“I want to make food that makes people stop eating.”
To say that Burnt is bad, as most critics will probably tell you, is in poor taste. This is a movie where you must understand all of the ins and the outs of the kitchen to really comprehend. To thoroughly grasp. You can’t watch a football film without knowing the rules of the game and have it leave the same lasting effect on you. Thus, you must make sense of the dynamics of a kitchen. We like what we already know as well as what peaks our interests, often shying away from what actually pushes us towards self actualization. Most of our drive-thru, microwave dinner aficionados just won’t fully get this. A little story, a lotta heart, a mushy head…that is the movie’s rarely seen soft center, seared with an experienced exterior. Not all of it gels together smoothly, yet to mess up and to strive for perfection is to cook, and that ultimately is the film’s unattainable endeavor. Burnt may not get there, but at least it tries.
Tucked away and alienated in the underbelly of New Orleans, Adam Jones (Bradley Cooper) starts this journey shucking oysters. One million of them to be exact. Breaking the shells is his healing process. You see, Adam once was the chef of a two-star Michelin restaurant in Paris. For those not in the know, Michelin stars are reserved for the best of the best. Get 3 and you’re considered one of the world’s supreme dining experiences. The only way to do that is to be perfect. And when I say perfect, I mean pristine and flawless and every detail executed without error. Not a false note can be found. Adam’s career skyrocketed too young too fast and his rock and roll partying and drug habits swiftly brought him back down, making enemies and losing friends along the way. Adam’s goal is perfection through absolute control because that’s what perfectionists do, which is why it is so important that the viewer remembers where we meet this man. He’s inspired by the shadows of Anthony Bourdain and the lyrics of the musical group The New Basement Tapes singing, “Down on the bottom. No way to go but up.” And any well-adjusted person knows that can’t be done alone.
Adam Jones makes his way to London to meet Tony (Daniel Brühl). Tony was once the maître d’ of Adam’s restaurant, now running an unsuccessful eatery with an uninspired kitchen. Adam is manipulative, sending a food critic through Tony’s doors, showing up in his chef coat and knives under his arms. The food is bad and Adam knows that unless Tony lets him cook the restaurant will be panned. “I’m gonna run the best restaurant in the world,” Adam says to his old friend, hoping for him to jump on board and be his benefactor as well. For all intents and purposes, Adam Jones is a selfish character we should dislike. He is arrogant and cocksure and usually just a smug asshole. However, it’s warranted, given his troubled background, as well as the fact that he really is the world’s best chef. That may seem relative and subjective, but he believes it, as do others. Burnt is made out of story devices that serve Adam and no one else, mixing components to further only his character arc. Maybe that’s too narrowly focused. So is the film though, and because of Bradley Cooper’s possessed performance, by the time the last shot comes we know this man. Where he was, where he is, and where he might be heading. Criticize the subplots all you want. That’s justified. But appreciate how much humanity is put into the heart of this fragile beast.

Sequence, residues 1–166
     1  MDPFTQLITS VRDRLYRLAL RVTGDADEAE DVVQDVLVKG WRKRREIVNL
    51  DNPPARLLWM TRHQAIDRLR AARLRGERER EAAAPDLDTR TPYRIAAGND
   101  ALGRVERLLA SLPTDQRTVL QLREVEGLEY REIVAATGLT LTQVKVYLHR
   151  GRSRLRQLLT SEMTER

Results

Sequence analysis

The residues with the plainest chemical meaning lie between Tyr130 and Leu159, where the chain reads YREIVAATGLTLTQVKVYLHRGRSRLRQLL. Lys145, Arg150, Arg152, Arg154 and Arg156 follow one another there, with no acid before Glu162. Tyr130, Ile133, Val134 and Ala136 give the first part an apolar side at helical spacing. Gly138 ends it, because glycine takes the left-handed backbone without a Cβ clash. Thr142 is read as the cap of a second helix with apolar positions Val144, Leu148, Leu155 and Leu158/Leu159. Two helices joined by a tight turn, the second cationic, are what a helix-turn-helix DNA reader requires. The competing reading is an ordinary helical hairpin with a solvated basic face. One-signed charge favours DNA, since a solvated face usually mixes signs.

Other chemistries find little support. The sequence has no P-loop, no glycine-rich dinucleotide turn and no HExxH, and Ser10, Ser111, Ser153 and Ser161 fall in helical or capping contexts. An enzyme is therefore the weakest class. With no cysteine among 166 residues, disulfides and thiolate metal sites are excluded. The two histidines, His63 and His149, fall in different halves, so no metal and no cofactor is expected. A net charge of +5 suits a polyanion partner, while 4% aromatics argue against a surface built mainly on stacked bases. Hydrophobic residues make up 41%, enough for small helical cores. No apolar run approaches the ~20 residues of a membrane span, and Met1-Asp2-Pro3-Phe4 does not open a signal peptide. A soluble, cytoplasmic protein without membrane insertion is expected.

John Wells directs the film with adequacy, albeit far too many shots. The editing makes things indiscernible, using 5 shots when 1 would suffice. And Rob Simonsen’s score is ideal until he steals from his own work for the end, lazily borrowing music he composed for The Spectacular Now. Burnt would be nothing without its cast though, headlined by Bradley Cooper who gives a commanding, impeccable performance. Cooper has the gift that every actor hopes to be blessed with – presence. When he yells at his kitchen staff, you get the feeling he’s really doing it. When he speaks fluent French, you believe he spent years in Paris learning the language. This is award’s worthy work failed by a script with too many amuse-bouches. The death of his mentor, his rocky relationship with an old girlfriend, drug dealers threatening for debts owed, a handful of friends/cooks he screwed over. The only one with any credibility is played by Sienna Miller. She’s Helene, a chef unaware of her talent and a single mother to one. Miller brings ferocity and beauty, equaling out Adam’s faults to sustain their chemistry. They never make love on-screen, but they make food, and sometimes the two can be one in the same…can take you to identical places. Cooking and filmmaking are both art forms capable of perfection. It’s rarely achieved, and Burnt is far from masterful, but I will never fault a picture for pursuing greatness, because that is precisely what art – at its most sublime – is meant to do.
“If it’s not perfect you throw it away.”
Rating: 4 out of 5